Sonoma State's Briana Grogan is expanding what femininity, sexuality and individuality look like through her activism (Photography via Alix Parkhurst, Sonoma State University)
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“Vagina Monologues” co-director and sorority sister Briana Grogan is part of a new wave of intersectional empowerment.

Briana Grogan, a 21-year-old senior and double major at Sonoma State, is a perfect example of what it means to have the world at your fingertips.

The Los Angeles native, who recently came out as sexually fluid, is the director of her school’s production of “The Vagina Monologues,” a play written by Eve Ensler in 1996 that explores domestic abuse and sexual violence, as well as a host of gender-related issues, through the monologues of a number of performers.  

In addition to making the show queer, trans and feminine-inclusive, Grogan also managed to debut the play despite wildfires raging through northern California, near Sonoma State, that interrupted the group’s performances.

Grogan is also active in her sorority, Alpha Xi Delta, where she uses her position as new member orientation chair to help her sisters better understand queer, intersectional feminism and develop a wider perspective on what it means to be femme.

I had the opportunity to talk to Grogan about her efforts to redefine what it means to be a woman of color and queerness, as well as her plans for the future.  

Sonoma State Student Briana Grogan Is Showing Up
The senior is the co-director of her school’s nearly 100-member production of “Vagina Monologues” (Photography by Alix Parkhurst, Sonoma State)

Sema’Jay Hall: How are you? 

Briana Grogan: I’m good! Just always sleepy. After LipJam and “Vagina Monologues” (“VAGMOS”), the lack of sleep is finally catching up to me, and I don’t get much rest over the weekend either because of my second job. 

SH: What should we know about you? 

BG: Well, I was born and raised in Los Angeles. I’m graduating with a double major in four years, so I’m definitely very proud of myself for that. I recently came out as fluid in my sexuality, so I’m currently exploring how to best honor not only my blackness but also my queerness. 

SH: What does a week usually look like for you? 

BG: My weeks are pretty busy. I genuinely do a lot of schoolwork during the day Monday through Thursday or on Sunday night. The rest of my time is dedicated to going to class, working both of my jobs, work for my internship and actively showing up for my extracurricular activities. It’s overwhelming at times, but for the most part, I do have downtime with my partner and my friends. 

SH: How was prep for VAGMOS? And how was your sorority in that time? 

BG: Prep for “Vagina Monologues” was interesting this year; being a co-director is a completely different role from just being a member of the cast.

This year, we started off with almost 100 members in the cast and ended with 69, which is still the largest number of people who have ever been involved in the production at Sonoma State. We also changed the venue for the production this year to a different place on campus.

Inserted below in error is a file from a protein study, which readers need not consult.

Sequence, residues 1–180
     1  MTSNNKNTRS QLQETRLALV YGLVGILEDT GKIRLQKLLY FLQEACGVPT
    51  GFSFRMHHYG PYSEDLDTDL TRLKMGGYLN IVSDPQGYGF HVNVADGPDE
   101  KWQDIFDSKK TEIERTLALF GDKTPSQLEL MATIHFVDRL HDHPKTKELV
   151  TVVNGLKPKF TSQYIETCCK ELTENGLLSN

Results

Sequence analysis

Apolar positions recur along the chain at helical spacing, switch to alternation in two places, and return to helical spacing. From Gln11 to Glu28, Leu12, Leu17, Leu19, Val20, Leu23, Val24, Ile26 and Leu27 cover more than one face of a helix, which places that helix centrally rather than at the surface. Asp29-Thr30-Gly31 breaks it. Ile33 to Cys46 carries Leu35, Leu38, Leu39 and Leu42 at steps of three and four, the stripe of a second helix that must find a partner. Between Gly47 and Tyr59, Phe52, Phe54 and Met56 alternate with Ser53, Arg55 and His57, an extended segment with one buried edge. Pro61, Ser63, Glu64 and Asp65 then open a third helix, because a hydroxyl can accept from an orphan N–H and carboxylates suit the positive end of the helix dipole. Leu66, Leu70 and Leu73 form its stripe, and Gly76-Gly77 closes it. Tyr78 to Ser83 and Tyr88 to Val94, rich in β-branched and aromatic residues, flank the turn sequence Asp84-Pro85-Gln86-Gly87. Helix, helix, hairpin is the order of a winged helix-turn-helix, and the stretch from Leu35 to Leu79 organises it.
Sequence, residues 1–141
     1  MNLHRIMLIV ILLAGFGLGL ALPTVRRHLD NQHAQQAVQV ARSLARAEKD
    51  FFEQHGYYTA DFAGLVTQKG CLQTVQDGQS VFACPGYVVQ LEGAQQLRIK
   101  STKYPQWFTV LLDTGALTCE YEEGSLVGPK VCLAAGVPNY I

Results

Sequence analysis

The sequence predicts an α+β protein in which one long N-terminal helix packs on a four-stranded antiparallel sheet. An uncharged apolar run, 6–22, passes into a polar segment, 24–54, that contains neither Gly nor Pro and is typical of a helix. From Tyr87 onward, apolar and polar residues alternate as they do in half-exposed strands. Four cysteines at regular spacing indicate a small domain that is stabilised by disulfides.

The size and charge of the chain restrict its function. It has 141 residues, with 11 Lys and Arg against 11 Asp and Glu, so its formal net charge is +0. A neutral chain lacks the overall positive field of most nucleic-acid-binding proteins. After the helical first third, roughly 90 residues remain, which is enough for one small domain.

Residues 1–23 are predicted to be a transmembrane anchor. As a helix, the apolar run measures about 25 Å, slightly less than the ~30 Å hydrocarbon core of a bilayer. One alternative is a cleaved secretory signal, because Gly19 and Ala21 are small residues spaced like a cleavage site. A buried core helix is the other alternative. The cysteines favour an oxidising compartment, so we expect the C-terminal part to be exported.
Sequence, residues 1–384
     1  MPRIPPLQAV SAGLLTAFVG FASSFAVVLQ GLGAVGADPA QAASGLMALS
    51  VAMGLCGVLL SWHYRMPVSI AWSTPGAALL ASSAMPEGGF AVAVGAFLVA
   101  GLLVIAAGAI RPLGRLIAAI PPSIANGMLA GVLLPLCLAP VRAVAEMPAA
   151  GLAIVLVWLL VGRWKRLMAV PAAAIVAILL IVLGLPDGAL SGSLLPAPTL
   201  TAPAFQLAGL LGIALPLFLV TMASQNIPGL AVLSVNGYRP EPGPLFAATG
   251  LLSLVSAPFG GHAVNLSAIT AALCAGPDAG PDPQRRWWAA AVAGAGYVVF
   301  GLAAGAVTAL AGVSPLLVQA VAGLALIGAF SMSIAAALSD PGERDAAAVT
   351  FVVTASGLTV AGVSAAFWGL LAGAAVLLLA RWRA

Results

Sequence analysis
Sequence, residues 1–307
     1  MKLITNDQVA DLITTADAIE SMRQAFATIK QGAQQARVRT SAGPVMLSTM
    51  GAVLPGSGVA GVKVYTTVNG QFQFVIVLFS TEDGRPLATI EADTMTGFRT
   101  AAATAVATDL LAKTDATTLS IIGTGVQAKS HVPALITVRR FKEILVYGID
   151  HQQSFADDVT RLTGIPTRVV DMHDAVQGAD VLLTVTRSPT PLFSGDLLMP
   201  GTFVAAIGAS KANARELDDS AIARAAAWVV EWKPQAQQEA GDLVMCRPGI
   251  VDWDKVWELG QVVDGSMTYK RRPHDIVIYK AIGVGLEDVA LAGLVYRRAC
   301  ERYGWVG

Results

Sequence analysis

So, navigating not only 69 people, but also the technicalities of a new space was definitely a challenge, but I would say it all panned out pretty smoothly. 

As for my sorority, Alpha Xi Delta, this spring semester has definitely been more of a laid-back experience. I held the position of new member orientation chair last year, so I was in charge of the 42 new initiates and ensuring their transition went smoothly, which became a challenge after the fires occurred. Nevertheless, my sorority has always been an outlet for me where I could just relax. 

Sonoma State Student Briana Grogan Is Showing Up
The Sonoma State student hopes to continue her intersectional activism after her graduation (Photography by Alix Parkhurst, Sonoma State)

SH: How do you see yourself transitioning into post-grad? 

BG: Well, I added communications as a second major, not only because of the media aspect that interests me but also because I wanted to be able to have a job right after college.

With my English major, I plan to translate that into publishing one of my own books. So, that’s why my logic was that if I get a degree in communications, I’ll be able to work at a PR firm while working on my book. 

SH: Most invested book? 

BG: “Milk & Honey” by Rupi Kaur. Rupi’s book means the absolute world to me. Because of her, I fell back in love with poetry and hope to someday publish a book of my own poems. 

SH: What are you working on? 

BG: Unfortunately, with my hectic schedule, nothing. I typically don’t sit down just to write, but I would also argue that I’m always writing.

Whether that’s jotting down ideas while in class or a phrase I heard from one of my favorite slam poets, I am always thinking about what to write next. Other than that, I am working on finding a job in public relations here in the Bay Area and looking for a place to live.

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